Thompson & Morgan

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Kale 'Scarlet'

Brassica oleracea (Acephala Group), Borecole

Hardy Annual

Kale 'Scarlet' produces highly decorative, dark green, red veined leaves which show more colour as colder weather approaches. This superb curly Kale makes a delicious 'salad leaf' when young, or can be grown to maturity for a supply of winter greens at a time when fresh vegetable are scarce in the garden. Mature plants show excellent winter hardiness, standing well in the harshest weather for a long season of harvest. Height: 90cm (35"). Spread: 60cm (24").


Companion planting: Try growing kale with Nasturtiums to draw cabbage white butterflies away from your crop, and mint to help deter flea beetles.


Useful links:

Companion Planting

Ideal For:
kitchen garden
Sowing Months:
March, April, May, June, July, August
Position:
full sun, sun or semi shade
    • 1 packet (200 kale seeds)

    •  
    • Despatch: Despatch within 24 hours
    • £2.49

For salad leaves Kale can be sown indoors all year round. Harvest 30 days from sowing during summer and up to 60 days during winter months. For mature plants, sow Kale seed from March to June. Direct sow outdoors into a well prepared seedbed, for transplanting to their final positions later on. Sow at a depth of 1cm (½") and distance of 23cm (9") between rows. Kale plants can be transplanted to their final positions approximately 5 weeks from sowing.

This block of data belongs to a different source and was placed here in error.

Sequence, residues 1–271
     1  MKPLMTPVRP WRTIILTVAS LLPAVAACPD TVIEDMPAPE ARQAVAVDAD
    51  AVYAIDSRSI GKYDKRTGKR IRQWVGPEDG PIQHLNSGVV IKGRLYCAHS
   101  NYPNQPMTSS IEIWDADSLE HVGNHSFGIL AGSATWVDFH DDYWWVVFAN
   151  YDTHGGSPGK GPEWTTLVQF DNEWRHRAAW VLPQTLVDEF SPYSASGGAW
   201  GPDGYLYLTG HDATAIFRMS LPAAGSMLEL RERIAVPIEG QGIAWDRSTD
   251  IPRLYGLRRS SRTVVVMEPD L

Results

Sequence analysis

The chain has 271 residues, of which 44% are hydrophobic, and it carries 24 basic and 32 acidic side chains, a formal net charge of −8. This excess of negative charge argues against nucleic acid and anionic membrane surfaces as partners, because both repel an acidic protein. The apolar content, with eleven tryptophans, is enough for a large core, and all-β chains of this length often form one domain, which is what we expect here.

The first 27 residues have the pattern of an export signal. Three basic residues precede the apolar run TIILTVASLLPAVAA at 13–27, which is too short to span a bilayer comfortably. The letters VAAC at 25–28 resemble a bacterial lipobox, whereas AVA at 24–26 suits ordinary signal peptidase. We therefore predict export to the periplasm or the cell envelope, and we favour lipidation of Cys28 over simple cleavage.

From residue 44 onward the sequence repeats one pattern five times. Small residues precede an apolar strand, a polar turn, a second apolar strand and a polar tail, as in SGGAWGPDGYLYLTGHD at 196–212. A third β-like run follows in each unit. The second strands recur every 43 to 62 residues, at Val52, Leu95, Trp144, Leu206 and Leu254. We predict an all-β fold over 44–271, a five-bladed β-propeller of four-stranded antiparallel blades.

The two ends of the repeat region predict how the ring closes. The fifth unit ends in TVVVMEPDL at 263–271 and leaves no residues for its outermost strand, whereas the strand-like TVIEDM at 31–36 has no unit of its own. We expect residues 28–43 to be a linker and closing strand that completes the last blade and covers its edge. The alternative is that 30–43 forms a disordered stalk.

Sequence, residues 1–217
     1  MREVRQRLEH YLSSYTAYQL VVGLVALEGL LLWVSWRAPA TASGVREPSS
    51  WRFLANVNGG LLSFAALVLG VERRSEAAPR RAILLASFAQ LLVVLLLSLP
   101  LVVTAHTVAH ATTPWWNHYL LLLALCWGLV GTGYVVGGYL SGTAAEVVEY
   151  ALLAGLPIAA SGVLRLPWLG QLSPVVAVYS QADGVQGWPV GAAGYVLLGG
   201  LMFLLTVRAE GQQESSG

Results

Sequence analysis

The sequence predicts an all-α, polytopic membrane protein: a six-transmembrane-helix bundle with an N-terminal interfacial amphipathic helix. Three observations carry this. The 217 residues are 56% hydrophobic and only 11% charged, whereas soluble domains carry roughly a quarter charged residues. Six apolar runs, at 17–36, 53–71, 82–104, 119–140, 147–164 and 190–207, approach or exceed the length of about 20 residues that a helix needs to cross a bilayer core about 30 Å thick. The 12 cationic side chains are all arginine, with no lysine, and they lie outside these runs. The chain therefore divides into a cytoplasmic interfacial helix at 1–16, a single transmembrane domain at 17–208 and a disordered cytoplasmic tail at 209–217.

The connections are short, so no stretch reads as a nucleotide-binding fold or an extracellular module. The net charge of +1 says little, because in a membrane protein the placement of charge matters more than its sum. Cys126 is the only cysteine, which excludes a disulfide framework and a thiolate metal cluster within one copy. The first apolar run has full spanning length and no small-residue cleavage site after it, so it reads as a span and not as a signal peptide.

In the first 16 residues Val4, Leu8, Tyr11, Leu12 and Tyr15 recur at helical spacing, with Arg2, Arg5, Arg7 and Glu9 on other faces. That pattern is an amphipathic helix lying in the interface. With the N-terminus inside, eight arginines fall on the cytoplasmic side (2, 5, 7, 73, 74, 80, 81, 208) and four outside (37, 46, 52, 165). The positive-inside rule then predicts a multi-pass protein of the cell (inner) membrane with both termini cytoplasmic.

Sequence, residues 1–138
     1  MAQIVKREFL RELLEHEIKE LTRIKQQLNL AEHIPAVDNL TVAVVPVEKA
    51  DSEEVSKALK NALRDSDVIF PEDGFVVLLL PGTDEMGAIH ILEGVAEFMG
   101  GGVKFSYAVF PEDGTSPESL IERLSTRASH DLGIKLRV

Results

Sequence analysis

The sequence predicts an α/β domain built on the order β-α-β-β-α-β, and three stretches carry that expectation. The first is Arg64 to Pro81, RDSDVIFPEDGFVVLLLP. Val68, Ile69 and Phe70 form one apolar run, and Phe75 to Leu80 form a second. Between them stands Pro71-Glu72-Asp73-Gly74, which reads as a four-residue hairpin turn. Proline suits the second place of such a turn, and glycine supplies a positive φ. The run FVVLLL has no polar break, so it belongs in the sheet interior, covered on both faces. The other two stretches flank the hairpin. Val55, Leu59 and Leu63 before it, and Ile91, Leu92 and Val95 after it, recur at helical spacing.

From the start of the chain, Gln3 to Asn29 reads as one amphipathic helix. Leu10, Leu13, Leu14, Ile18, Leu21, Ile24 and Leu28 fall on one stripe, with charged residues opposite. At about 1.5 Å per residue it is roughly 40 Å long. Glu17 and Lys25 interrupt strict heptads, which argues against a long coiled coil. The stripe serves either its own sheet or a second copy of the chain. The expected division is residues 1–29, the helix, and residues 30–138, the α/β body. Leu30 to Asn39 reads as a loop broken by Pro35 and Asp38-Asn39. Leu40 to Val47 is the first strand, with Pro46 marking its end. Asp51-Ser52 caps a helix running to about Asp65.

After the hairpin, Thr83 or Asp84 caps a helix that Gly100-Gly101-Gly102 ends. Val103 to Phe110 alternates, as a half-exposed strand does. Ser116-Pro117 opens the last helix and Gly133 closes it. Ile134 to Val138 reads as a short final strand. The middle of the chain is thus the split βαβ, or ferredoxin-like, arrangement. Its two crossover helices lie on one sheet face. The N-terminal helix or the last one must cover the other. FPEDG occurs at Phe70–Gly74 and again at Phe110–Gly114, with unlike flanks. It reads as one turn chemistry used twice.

Grow kale in firm, rich fertile, well drained soil in sun or semi shade. Prepare the soil in early spring by adding plenty of well rotted farmyard manure to the soil to improve its structure and fertility. Apply lime to acid soils to reduce the acidity and lessen the risk of clubroot. When transplanting kale, plant it slightly deeper in the ground than it was in the seedbed. Plant kale at a distance of 60cm (24") apart and cover with a protective netting or fleece to prevent attack from birds and insects. Water the plants thoroughly after planting.

Kale is exceptionally hardy and requires little aftercare. Water when necessary and hoe between plants regularly to prevent weeds from establishing and bring insect larvae to the surface. Kale can be harvested from September as young leaves using a cut and come again method, but will stand well in the ground for a long time throughout winter, and improves in flavour after it has been frosted. Pinch out the centre stem first to encourage side shoots to develop. Harvest kale when it is required as the leaves do not store well, unless they are frozen.
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